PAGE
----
Firstly, the distribution of cards in the final hand is astronomically unlikely. Credit has to be given to both the technical advisors and writers for not boring audiences with cliched winning hands like a Royal Flush of Four of a Kind, but the main improbability is the fact that all players had great hands. Not one of them at the table could be blamed for going all in – even the first player and ultimately, the loser, was holding the highest possible flush. For those of you who like statistics, the chances of holding a Flush in Texas Hold’Em are roughly 3%. For a Full House, it’s 2.6%, and for Bond’s winning Straight Flush, it’s 0.027%.
Now, add the convenient revealing of each hand from showing the worst to the best, you’ve got yourself a reveal for the record books. The odds of all of those hands occurring in the same round is enough to make a mathematician scratch his head. For anyone who has watched a real-life poker tournament, you’d know that a night-long game tends to be won by something like a pair of 5s rather than a Straight Flush. If all of this sounds like gobbledygook to you, then check out our guide to the rules of different poker variants.
In some respects, it makes sense why all of the players went all in. You’d be crazy not to think that your Flush would not take home the $120 million pot if you were going on logic, probability, and experience alone. However, although going all in is in no way unheard of in poker, it tends to be used as a bluff or as a desperate effort to secure a footing in the game. It was somewhat unrealistic for all of the players to go all in once the river was revealed. In reality, gambling is much more intricate than that, and the opening bets of a player would usually be regarded with a bit more care from the other players than how the following characters responded.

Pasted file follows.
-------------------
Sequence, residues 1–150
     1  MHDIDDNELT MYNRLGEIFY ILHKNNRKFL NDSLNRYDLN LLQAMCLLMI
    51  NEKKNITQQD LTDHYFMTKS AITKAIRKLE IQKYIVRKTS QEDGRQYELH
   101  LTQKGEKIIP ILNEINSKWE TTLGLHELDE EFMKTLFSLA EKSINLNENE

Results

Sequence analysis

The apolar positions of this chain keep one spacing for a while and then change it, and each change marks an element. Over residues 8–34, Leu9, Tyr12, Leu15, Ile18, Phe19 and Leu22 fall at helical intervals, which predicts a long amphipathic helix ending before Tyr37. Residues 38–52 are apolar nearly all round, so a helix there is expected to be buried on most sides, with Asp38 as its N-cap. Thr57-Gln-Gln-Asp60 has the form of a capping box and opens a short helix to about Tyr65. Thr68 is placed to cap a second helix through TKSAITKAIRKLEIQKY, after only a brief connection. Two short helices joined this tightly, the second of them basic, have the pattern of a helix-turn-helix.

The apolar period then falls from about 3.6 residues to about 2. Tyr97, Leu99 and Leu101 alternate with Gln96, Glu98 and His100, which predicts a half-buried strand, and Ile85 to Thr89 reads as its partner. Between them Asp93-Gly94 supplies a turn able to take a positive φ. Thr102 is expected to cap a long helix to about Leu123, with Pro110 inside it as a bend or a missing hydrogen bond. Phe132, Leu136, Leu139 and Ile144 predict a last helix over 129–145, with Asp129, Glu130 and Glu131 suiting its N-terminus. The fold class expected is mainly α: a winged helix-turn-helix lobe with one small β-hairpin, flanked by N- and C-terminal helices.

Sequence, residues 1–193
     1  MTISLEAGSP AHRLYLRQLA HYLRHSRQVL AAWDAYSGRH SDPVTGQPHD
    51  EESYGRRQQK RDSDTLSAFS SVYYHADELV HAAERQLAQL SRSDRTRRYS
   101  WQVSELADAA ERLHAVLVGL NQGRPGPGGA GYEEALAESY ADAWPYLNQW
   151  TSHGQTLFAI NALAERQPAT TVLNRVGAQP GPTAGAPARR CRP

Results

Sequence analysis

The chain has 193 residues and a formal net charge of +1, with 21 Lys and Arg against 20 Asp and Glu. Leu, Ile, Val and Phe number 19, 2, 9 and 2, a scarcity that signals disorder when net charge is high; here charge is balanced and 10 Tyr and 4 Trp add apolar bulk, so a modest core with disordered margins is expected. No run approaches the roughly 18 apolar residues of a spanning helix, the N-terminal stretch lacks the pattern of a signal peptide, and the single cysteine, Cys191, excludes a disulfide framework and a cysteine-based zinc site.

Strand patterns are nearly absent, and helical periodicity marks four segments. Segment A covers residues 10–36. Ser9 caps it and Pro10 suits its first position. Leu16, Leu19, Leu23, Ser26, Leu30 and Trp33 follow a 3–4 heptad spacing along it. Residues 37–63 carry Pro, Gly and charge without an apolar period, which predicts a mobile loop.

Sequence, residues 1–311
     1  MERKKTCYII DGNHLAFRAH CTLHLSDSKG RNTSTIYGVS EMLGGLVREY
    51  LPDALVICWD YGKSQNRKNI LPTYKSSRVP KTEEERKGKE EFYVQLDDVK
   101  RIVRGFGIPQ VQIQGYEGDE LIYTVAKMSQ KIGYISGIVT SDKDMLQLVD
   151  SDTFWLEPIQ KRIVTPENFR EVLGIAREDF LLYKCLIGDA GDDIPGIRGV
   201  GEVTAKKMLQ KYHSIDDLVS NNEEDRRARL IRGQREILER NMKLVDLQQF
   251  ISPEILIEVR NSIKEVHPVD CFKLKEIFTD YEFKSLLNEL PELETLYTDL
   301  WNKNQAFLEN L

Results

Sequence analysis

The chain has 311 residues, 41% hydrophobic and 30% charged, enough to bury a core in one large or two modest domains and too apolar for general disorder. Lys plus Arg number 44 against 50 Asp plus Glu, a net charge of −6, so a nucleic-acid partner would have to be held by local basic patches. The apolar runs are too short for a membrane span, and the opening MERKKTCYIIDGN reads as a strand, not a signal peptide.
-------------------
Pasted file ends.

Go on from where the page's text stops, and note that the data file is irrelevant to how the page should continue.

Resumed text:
Secondly, players’ betting patterns are usually a lot more of an indication of their playing style and their hands as opposed to things like the telling tick that Le Chiffre expressed. Yes, many people have physical tells, but they tend to be a whole lot harder to notice than a cool scratch of the scar. In many instances, pro poker players will wear sunglasses to hide the changes in their eyes, so you would expect that Le Chiffre would take more care in hiding his tells.
Perhaps, then, the most unrealistic aspect of the Casino Royale poker tournament was the final round of checks that lead up to the revealing of the last card. In a real game, players would surely take more care in reading their opponents and even raise the pot much before they revealed the river. When it comes down to actors’ performances, the least we could expect would be that Bond’s opponents would have reacted far more visibly once the flop was revealed.
Finally, the stakes of a poker game would never get so unbelievably high. The highest recorded win of a single hand was by billionaire Andy Beal, who in 2004 took home $11.7 million from Las Vegas’ Bellagio hotel. In the world of online poker, the highest pot has only ever hit around $600,000, which is still much lower than the blind in the final round of Casino Royale. Well, you might be thinking, this is a secretive game for billionaires and criminals, surely it must get higher than that? Perhaps in fiction, but even rumors from the high-stakes games at some Macau casinos still only purport to have hosted winning hands of around $20 million, a sixth of the $120 million claimed by Bond at Casino Royale.
Despite all of that, there is no denying that Casino Royale is not only one of the best Bond films but a modern classic in the gambling genre. Although it is quite exaggerated, there is still no denying that Casino Royale’s poker scene set a new standard for how to portray high-stakes gambling on film. And while we wait for Daniel Craig’s last outing as Bond, I guess it’s time to make bets on who the next Bond will be. Our money is on Idris Elba, what do you think?